A well respected, award winning social enterprise
Volunteer run - Government and charity funded
We help 50,000 people a year through divorce

01202 805020
Mon/Fri 9am-8pm       Sat/Sun 2pm-8pm
Call for FREE expert advice & service info

For a fair financial agreement to be reached it is first necessary to put everything out on the table. In other words it is essential that both sides have been open and transparent about their finances and are not hiding anything.

The process of sharing your financial situation with the other side is known as Financial Disclosure.

There are three forms you could use to achieve financial disclosure in divorce depending on the situation.

1. Statement Of Information (Basic Disclosure)

Couples who have already reached agreement on finances and are planning to agree to a Consent Order are required to complete a very basic financial disclosure using a court form called a D81 Statement Of Information.

The completion of this form will normally be arranged by whichever solicitor is drafting the Consent Order.

Statement of Information Form The D81 Statement of Information form can be downloaded here.


2. Wikivorce Free Financial Disclosure Form

Couples who have not yet reached agreement, but who would like to try to reach a fair settlement without spending thousands of pounds on solicitors, can make a start on their financial case by each completing this free disclosure form provided by Wikivorce.

Free Financial Disclosure Form The free Wikivorce Financial Disclosure Form can be downloaded here.


Once you have completed this form you can call the Wikivorce helpline for advice on what to do next. This may be to get some legal advice on what you are entitled to, or it may be to begin negotiations using a mediation service or a Wikivorce divorce consultant.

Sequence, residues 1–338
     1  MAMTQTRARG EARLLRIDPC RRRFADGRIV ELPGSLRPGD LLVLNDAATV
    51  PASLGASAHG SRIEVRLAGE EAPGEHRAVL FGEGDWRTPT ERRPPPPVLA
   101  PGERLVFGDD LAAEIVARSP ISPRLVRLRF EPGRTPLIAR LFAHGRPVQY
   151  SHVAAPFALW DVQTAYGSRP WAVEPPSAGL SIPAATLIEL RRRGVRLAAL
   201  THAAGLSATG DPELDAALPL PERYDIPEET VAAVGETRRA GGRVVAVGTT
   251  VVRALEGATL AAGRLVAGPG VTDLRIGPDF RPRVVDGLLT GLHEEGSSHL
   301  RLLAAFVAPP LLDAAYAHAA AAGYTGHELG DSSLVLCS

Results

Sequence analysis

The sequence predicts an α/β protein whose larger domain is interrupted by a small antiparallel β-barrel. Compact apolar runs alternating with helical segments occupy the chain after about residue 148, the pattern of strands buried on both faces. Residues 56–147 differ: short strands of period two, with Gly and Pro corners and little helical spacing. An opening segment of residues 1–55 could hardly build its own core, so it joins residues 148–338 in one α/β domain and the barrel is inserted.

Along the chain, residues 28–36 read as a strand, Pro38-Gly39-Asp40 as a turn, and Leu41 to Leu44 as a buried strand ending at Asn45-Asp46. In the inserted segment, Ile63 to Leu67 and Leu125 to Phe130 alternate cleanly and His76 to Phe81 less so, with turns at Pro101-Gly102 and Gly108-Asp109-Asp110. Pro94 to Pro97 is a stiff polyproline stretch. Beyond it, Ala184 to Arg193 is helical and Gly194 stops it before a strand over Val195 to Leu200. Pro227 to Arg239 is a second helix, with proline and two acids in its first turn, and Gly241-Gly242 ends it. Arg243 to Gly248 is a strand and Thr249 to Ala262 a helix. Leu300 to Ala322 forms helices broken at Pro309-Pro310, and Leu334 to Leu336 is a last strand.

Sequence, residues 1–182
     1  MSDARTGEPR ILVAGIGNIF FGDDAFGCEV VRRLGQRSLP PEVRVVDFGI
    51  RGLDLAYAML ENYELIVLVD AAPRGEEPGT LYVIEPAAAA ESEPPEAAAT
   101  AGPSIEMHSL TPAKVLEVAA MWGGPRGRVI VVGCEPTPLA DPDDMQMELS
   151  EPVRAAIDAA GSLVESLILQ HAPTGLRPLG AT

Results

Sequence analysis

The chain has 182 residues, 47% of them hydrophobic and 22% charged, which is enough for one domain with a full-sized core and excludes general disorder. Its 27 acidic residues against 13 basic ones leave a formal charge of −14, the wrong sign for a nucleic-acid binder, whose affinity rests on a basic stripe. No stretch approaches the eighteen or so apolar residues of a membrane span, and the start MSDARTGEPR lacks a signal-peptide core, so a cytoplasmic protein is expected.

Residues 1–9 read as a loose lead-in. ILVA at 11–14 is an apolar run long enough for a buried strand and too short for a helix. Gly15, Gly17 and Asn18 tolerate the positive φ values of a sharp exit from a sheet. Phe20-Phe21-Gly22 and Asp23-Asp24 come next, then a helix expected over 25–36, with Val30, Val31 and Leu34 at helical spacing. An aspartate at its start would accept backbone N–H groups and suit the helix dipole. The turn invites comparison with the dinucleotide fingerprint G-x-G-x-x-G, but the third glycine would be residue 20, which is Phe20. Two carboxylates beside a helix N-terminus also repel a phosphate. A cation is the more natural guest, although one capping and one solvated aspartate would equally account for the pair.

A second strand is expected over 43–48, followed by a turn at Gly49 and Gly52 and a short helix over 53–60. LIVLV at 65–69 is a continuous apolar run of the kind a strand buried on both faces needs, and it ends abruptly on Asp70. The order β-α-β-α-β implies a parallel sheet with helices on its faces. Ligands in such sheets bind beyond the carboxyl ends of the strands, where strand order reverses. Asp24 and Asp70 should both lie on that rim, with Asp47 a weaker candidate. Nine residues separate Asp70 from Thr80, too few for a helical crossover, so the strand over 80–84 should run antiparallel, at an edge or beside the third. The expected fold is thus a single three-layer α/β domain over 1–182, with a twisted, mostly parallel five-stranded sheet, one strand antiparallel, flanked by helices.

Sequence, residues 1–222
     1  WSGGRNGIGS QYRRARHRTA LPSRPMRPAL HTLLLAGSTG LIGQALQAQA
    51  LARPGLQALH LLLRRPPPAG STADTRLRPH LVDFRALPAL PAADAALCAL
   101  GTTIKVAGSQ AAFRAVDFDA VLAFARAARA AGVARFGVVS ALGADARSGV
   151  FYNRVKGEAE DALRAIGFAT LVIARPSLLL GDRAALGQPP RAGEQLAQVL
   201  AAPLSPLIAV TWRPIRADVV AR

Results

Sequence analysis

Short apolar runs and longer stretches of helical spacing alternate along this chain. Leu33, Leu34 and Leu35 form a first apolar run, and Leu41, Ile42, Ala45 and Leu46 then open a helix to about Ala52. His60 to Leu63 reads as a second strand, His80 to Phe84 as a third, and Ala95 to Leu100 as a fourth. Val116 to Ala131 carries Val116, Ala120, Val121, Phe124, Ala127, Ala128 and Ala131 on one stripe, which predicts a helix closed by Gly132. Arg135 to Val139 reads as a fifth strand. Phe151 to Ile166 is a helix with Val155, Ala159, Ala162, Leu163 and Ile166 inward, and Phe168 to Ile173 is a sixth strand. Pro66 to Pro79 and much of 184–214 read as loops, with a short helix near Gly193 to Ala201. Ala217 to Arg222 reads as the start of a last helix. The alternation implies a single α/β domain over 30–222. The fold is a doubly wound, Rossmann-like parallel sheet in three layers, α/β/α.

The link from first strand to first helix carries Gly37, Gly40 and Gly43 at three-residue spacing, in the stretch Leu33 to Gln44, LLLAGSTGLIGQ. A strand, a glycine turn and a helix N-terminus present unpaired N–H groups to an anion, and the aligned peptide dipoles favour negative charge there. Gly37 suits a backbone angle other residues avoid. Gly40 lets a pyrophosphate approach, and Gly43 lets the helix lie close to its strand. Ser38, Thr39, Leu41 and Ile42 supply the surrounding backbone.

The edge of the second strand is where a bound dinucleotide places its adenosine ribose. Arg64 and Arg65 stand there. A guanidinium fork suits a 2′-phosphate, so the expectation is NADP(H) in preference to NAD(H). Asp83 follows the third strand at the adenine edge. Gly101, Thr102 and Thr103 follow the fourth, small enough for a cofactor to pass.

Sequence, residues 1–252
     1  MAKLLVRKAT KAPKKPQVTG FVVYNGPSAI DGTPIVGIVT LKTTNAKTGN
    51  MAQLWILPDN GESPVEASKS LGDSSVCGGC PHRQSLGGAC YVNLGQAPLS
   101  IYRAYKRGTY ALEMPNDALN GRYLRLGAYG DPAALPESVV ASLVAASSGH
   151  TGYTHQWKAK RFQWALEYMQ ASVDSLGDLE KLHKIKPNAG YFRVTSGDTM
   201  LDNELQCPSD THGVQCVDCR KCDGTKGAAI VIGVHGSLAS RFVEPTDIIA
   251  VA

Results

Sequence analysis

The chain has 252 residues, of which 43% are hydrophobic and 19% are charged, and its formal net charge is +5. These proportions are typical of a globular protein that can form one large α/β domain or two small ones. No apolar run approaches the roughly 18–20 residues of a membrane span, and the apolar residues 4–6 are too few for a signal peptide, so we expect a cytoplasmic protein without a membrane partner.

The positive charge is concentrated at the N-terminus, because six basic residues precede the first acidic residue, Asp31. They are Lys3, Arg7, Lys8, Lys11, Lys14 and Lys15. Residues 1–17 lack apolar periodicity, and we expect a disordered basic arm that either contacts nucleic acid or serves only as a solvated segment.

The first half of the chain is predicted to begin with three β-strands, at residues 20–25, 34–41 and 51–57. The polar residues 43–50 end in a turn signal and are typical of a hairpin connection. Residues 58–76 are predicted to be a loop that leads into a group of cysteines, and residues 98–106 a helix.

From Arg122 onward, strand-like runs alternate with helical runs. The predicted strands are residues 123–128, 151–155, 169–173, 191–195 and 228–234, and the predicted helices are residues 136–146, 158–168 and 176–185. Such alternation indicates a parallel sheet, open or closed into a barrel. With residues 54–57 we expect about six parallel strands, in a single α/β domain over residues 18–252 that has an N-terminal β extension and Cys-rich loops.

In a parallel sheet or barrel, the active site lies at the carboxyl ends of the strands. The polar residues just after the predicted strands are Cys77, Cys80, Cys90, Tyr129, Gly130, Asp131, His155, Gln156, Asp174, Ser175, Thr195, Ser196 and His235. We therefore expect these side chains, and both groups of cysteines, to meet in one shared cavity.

3. Form E (Detailed Disclosure)

Where there are either: fairly complex finances, substantial assets or a lack of knowledge about your spouses finances - then you will typically be required to undergo a more rigorous disclosure process by completeing a long form called a Form E.

The situations in which you might be asked to voluntarily complete Form E are:
- by a mediator before you attend a financial mediation session
- by your solicitor or your ex's solicitor before attempts at reaching an out of court settlement

If your financial dispute ends up in court then you may be ordered by the court to complete Form E by a stated deadline.

Note: Some mediation services use their own customised disclosure forms - but they are usually farily similar to the Form E.

Statement of Information Form Form E can be downloaded here, together with guidance notes on completing the form correctly.

 

FAQs

We have a court hearing - and my ex hasn't completed and sent me his Form E - what can I do?

It is not uncommon that someone does not complete their form E in time or at all. If the next scheduled hearing is the first appointment then the lack of a Form E can be addressed at that hearing and the judge will typically order that the Form E is completed by a new deadline and will sometimes attach a penalty for non-compliance.

If the next hearing is a Financial Dispute Resolution hearing or a final hearing then you have to decide whether you want to try and get the hearing postponed until you have received the other side's Form E and have had time to prepare properly. 

My ex's Form E is incomplete / full of lies / full of holes - what do I do?

Once you have reviewed the other side's Form E you should produce a Questionnaire detailing the further questions that you want you ex to provide answers to. You normally present this Questionnaire to the judge at the First Appointment and the judge will decide which questions are valid and will make an order that you ex has to provide answers to those valid questions.